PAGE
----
Monday, December 05, 2016

Guest Post by Aviva Rothschild

  My friend Aviva Rothschild recently published a sequel to her Beatles/gaming novel With Strings Attached. It's called The Keys Stand Alone: The Soft World. She's here to discuss some of the themes in Keys. Take it away, Aviva!

            Many thanks to Sandra for giving me this space today!
            Almost six years ago I finished what turned out to be a 29-year project: the Beatles fanfic fantasy novel, With Strings Attached, or The Big Pink Job. I'd always had sequels in mind, and I had gotten started on the first one while finishing up Strings. It went through several name changes (not to mention plot changes), but I settled on The Keys Stand Alone. Because it's turning out to be longer than Strings, I decided to split it into two volumes; hence, the first volume is now The Keys Stand Alone: The Soft World. (The second volume will be Keys: The Hard World.) It is currently available in a Kindle version on Amazon, and I intend to have the hard copy version done within a few days.
            Strings followed our heroes in 1980, when they suddenly found themselves thrown together on a planet called C'hou, sixteen years younger and terrified out of their minds. One thing led to another, and by the end of the book they'd been considerably empowered and had accomplished a universe-spanning quest to remove a curse from a continent... though their actions resulted in even greater changes to the entirety of C'hou, as well as changes to themselves and their peace of mind. Changes that they would confront ten weeks later in Keys, after having been sent back to Earth in their original bodies. While those days had been slipping by here, C'hou saw almost six years go by, and our heroes quickly discover that now nearly everything is different, including the landscape and the inhabitants.
            Not to mention the war that had broken out in the interim between the newly established White and Black Towers. And the huge swarm of outworlders who had been imported by the enfeebled White Tower gods to fight for them, but who tended to fight one another more than the Black Tower and its minions.
            So here come our peace-minded heroes, more powerful than nearly everyone else but absolutely opposed to the violence around them. Imagine their horror when they're told by the gods that they must help one of the outworlder Power Groups defeat the Black Tower, or they'll never get home!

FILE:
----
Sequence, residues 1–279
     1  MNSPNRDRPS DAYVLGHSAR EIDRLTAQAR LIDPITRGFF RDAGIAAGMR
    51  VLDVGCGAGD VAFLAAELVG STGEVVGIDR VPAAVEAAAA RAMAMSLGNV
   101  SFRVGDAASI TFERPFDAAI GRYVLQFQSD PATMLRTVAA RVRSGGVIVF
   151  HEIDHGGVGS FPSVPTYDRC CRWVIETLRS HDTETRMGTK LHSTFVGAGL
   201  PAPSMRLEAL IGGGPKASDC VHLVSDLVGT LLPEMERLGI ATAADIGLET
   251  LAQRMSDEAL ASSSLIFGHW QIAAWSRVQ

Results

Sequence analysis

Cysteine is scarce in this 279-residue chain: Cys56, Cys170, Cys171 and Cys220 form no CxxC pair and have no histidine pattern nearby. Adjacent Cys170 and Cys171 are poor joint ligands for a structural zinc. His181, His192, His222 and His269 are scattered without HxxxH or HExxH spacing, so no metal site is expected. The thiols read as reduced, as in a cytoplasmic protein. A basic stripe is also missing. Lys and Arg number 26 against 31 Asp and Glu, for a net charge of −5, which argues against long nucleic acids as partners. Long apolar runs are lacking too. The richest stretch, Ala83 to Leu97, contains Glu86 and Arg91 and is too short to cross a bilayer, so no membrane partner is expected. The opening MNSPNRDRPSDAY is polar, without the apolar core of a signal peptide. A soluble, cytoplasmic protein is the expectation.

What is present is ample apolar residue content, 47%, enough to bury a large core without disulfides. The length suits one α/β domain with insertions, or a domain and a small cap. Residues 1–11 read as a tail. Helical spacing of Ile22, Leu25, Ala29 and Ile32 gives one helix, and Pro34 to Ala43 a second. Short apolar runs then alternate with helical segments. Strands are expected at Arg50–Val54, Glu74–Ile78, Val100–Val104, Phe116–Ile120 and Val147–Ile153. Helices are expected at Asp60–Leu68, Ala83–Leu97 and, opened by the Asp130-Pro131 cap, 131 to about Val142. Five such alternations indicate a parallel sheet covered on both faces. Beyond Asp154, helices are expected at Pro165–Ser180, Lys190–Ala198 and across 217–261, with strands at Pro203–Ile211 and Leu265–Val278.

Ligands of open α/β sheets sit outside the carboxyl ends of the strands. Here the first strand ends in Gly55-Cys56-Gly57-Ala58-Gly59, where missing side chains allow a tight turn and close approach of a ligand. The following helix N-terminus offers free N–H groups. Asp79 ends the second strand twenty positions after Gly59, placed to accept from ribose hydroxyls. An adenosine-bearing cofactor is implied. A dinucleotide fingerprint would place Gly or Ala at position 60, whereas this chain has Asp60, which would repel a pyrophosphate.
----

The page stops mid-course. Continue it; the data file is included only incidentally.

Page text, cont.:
Strings touched upon a lot of the themes in Keys, but with more time to mull everything over, I did my best to more fully examine certain problems inherent in both the situation and in the kind of empowerment that our heroes experienced. For example, what is good? What is evil? How contextual are they? What happens when people, especially powerful people rubbing up against one another, have very different definitions of good and evil? Is pacifism always good, or are there times when it could be considered evil?  I do not and cannot provide answers, but hopefully I convey how complicated such questions are, and how seeing things in simple black-and-white terms is fairly useless in real-world situations.
            Keys is also sort of a parallel to the middle part of the Beatles experience, in that what they once found fun and exciting in Strings has now become much more toxic, if not outright deadly. Again, the toxicity is both internal and external to them. Not only must they deal with magic that can be dangerously unreliable—or worse, dangerously seductive—but they find that nearly everyone wants something from them. And quite often, what people want is not something that our heroes want to give....
            At least, though, they have each other. At least they can trust one another. If Keys does nothing else, it reestablishes what a tight unit the four can be, and had been at their peak. It reminds readers that whatever their differences, the four loved one another deeply and shared something that no one else can really fully comprehend.

The Kindle edition of The Keys Stand Alone is here:
Curious about With Strings Attached, or want to buy a copy in one of several different formats?
The Facebook page for Strings, which includes some artwork not in the book or on the website:

Aviva's Bio: Aviva Rothschild is the world's most overeducated fanfic writer. In the past she worked as a book editor, technical writer, and (briefly) website designer. Currently she writes, makes soap, and sells stuff on eBay in the store “Gatsby's Great Stuff.” Besides her Beatles writing, she's known for having written the very first bibliography of graphic novels, Graphic Novels: A Bibliographic Guide to Book-Length Comics. Naturally, she collects graphic novels. She also collects musical theatre recordings on CDs and other musical formats.


Pat Dilloway said...

29 years is a long time to work on a project.

Alex J. Cavanaugh said...

Quite the morality question of what is good and what is evil.
I agree twenty-nine years is a long time to work on something. It certainly had time to grow into something amazing.

Sandra Almazan said...

Yes, it was, Pat!

Alex, it definitely is an amazing book.

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